The bins are overflowing in large areas of Paris a week into a strike by waste collectors, with thousands of tonnes of rubbish sitting abandoned on the streets of the French capital.
“It’s dirty, it attracts rats and cockroaches,” one Parisian complained on French radio.
The workers are striking over the Macron government’s proposals to raise the pension age from 62 to 64.
Other cities including Nantes, Rennes and Le Havre are also affected.
Refuse collectors joined the pension strikes a week ago and the Paris authority says half of the city’s districts, which are covered by council workers, have been hit by the action. Three waste treatment sites have been blockaded and a fourth partially closed.
On Monday, the Paris authority said 5,600 tonnes of waste had yet to be collected.
One commentator on Europe1 radio described the situation as an all-you-can-eat buffet for the six million rats of Paris, double the human population.
In the 10 districts covered by private companies the service was running almost normally, Paris council said. Some reports indicated activists were trying to prevent collections from going ahead.
And one private company was also seen on Monday night by news channel BFMTV picking up waste in one of the big central districts, the sixth, which is normally covered by council workers. Similar bin collections were going on in two other districts on the western fringe of the city.
Leading council official Emmanuel Grégoire said the situation was complicated but the authority was prioritising intervention for public safety, with a focus on clearing food markets, bin bags lying on the ground and ensuring pedestrian safety.
“The strike triggers a change in rat behaviour,” specialist Romain Lasseur told Le Parisien newspaper. “They’ll rummage around in bins, reproduce there, and leave their urine and droppings. We have a worrying health risk for refuse collectors and the general population.”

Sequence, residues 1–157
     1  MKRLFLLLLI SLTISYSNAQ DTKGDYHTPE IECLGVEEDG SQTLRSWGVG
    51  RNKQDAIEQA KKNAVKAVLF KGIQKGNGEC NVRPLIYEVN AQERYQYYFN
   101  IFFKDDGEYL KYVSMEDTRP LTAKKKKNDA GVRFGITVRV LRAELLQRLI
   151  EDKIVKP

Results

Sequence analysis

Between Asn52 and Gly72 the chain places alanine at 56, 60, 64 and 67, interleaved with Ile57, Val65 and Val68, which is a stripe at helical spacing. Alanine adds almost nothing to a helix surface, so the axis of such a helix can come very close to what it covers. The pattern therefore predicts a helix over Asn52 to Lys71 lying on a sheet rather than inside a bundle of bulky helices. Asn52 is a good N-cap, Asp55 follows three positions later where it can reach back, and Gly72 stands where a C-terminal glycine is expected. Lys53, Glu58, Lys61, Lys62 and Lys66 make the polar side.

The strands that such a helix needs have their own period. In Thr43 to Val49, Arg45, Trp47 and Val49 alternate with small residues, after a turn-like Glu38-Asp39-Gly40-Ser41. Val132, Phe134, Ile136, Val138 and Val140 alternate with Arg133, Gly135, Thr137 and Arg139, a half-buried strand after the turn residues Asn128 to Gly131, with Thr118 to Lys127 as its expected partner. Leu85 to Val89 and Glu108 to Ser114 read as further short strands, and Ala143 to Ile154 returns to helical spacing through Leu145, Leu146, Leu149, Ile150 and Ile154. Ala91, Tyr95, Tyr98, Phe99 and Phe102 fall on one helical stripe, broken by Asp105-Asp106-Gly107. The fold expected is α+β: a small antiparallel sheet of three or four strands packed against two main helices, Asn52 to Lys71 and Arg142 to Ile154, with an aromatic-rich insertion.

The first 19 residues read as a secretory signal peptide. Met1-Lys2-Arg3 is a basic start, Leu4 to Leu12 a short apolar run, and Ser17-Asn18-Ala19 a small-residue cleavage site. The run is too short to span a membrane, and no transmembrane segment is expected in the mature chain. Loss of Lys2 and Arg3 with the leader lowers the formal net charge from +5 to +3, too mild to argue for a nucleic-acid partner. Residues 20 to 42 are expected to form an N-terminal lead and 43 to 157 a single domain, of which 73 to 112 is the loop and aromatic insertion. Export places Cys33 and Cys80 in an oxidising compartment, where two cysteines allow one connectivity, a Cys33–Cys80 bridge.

The capital’s bin workers are due to meet on Wednesday to decide whether to continue their action. Refuse collectors currently retire at the age of 57 because of difficult working conditions and under the reforms they would have to work for two more years.
Opponents of the Socialist mayor of Paris have seized on the strike as only adding to an existing crisis.
“Anne Hidalgo promised to double the clean-up budget and Parisians clearly see Paris becoming dirtier and dirtier,” complained Rachida Dati who runs the seventh district for the right-wing Republicans.
France’s unions have stepped up action against the government’s unpopular retirement reforms which are currently going through parliament.
Several operators at French refineries were on strike on Tuesday for a seventh day in a row, but only a small proportion of French petrol stations have had to close.
The measures were backed by the upper house or Senate on Saturday and will next go to a joint committee of MPs from both houses on Wednesday to decide on the final text. A final vote could reach the National Assembly and Senate on Thursday.
President Emmanuel Macron’s party lacks a majority in the lower house so victory on the bill is by no means secure.
The government needs 287 votes, and even if it can persuade all its 250 MPs to back the reforms it will still need to find another 37 lawmakers from other parties to back the higher pension age.
Many of those extra votes are likely to be Republicans and the government is keen to avoid forcing through the legislation without a vote, which it could do by triggering a 49:3 article of the constitution.
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